6. Fortunat Mueller-Maerki

    Fortunat Mueller-Maerki National Library Chair
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  7. kirxklox

    kirxklox Registered User
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    Fortunat - More crying Wolf and less understand Freedom of Use. Try Wikipedia the online encyclopedia.

    Name, Years, Apprentice, Master, Synopsis

    I would encourage not just Copying but actualy checking multiple references an providing correct information.

    That Book List you just put up is Worthless unless there is a Book Review or Synopsis of the Work attached.

    It would take years to make a good online resourse like Loomis or other books, but it can be done and done legally.
     
  8. Fortunat Mueller-Maerki

    Fortunat Mueller-Maerki National Library Chair
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    Sam

    I am not disagreeing with you, quite the contrary. An online comprehensive list of historical horological CAN be created, but to be sucsessfull it iwill need to be much more complicated than just copying names and data from a few standard books. And if the work is to be shared among several (or many) collaborators an adequate sytem of quality control will not be easy to set up (and to enforce) either.

    Fortunat
     
  9. kirxklox

    kirxklox Registered User
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    That is a WHOLE lot nicer than what you said before. Anyway, I do not encourage anyone to just copy Copyrighted material.

    But, under the same token, I do not collect other peoples Copyrighted material and sell it for a Profit. Everyone knows that what material is being provided is for Public Display and is FREE to the World.
     
  10. Ansomnia

    Ansomnia Registered User

    Sep 11, 2005
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    IMO, creating such a database would require focussed effort, a lof of time, effort and money. As already explained, you must also be versed in the legal aspects of publishing such information; and accept certain limitations.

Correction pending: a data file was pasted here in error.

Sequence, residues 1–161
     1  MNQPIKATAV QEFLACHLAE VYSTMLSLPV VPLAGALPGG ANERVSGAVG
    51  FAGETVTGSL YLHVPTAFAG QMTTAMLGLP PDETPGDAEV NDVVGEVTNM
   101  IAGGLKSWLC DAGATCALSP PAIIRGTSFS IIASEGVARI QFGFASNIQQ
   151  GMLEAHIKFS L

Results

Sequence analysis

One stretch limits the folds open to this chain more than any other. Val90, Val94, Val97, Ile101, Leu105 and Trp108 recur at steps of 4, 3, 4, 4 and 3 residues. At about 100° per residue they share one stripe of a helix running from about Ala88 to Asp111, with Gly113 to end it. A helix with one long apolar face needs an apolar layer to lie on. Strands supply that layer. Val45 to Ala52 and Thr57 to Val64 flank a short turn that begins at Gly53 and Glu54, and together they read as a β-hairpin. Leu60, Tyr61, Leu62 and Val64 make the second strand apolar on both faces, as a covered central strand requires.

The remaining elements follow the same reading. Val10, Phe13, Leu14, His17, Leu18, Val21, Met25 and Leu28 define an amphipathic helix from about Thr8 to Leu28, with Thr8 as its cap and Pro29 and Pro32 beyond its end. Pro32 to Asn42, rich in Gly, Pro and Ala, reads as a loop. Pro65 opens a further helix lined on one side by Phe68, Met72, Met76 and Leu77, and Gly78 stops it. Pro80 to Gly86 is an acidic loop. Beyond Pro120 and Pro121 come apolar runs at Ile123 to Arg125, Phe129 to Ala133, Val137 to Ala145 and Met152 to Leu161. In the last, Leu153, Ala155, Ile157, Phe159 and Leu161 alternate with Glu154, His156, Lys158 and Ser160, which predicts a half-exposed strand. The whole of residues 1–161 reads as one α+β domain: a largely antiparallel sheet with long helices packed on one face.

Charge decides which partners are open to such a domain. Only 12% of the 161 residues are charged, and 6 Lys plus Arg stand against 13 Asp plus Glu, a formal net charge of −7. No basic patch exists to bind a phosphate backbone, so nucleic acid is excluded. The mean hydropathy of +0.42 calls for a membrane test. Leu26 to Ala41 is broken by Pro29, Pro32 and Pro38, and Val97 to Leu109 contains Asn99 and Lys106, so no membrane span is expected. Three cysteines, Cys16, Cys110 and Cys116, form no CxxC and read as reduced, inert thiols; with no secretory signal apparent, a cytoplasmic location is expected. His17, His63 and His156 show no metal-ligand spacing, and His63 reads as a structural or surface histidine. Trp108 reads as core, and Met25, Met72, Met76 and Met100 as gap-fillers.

The previous researchers and authors have no doubt thought along the same lines so it may be advisable to enlist their help and make it more of a group effort. One would also need to acknowledge the vested interests of these authors and be sensitive and responsive to their concerns. One has to realize these people put a lot of their own time and effort into their own work. A win-win situation would greatly facilitate such a project. It would be distracting to say the least, if one ends up spending more time in litigation than actually working on such a project.

    My initial impression is that there are generally 2 approaches:
    • • a private user fee database and
      • a free public domain database.
    The first one is likely easier to populate and manage but would be less popular. The second one would initially be more popular but likely suffer from being very slow to populate and being difficult to manage; and if these handicaps prove to be significant it may easily fail. IMO, many people also do not appreciate "free" information and thus contribute to its demise. Free stuff is not always a good thing.

    IMO, the user fee approach is inherently more realistic and workable. Horology is not considered general knowledge and has a narrow, often commercial application. A major horological project can only be funded by well-heeled person(s) or institution(s) as philanthropy or as a group effort, employing user fees, to the benefit of all members.

    Perhaps a system where users purchase a copy-protected CD-based archive containing a "starter" database along with a subscription to an Internet-based extended archive which is then continually updated may be feasible and practical. I suspect public domain databases usually fail over time because people lose interest and it becomes too time-consuming and acrimonious to manage or the "owner expires" for some reason. A private fee-based system is less prone to internal acrimony and much easier to fund proper ongoing maintenance and manage as well as expand. It's a bit like comparing a one-man shop vs. a professionally-run corporation. The first one exists so long as the owner has it under control, the second one is meant to exist indefinitely.

    This is my opinion based on personal experience.

    Finally, thank you very much Fortunat, for providing insight on the publication process and expertise on horological treatises. FWIW, I did not perceive anything negative in what you said - I think you merely presented realistic, well-meaning and very useful information. Sometimes, we are just the "messenger" after all. :D


    Michael
     
  11. kirxklox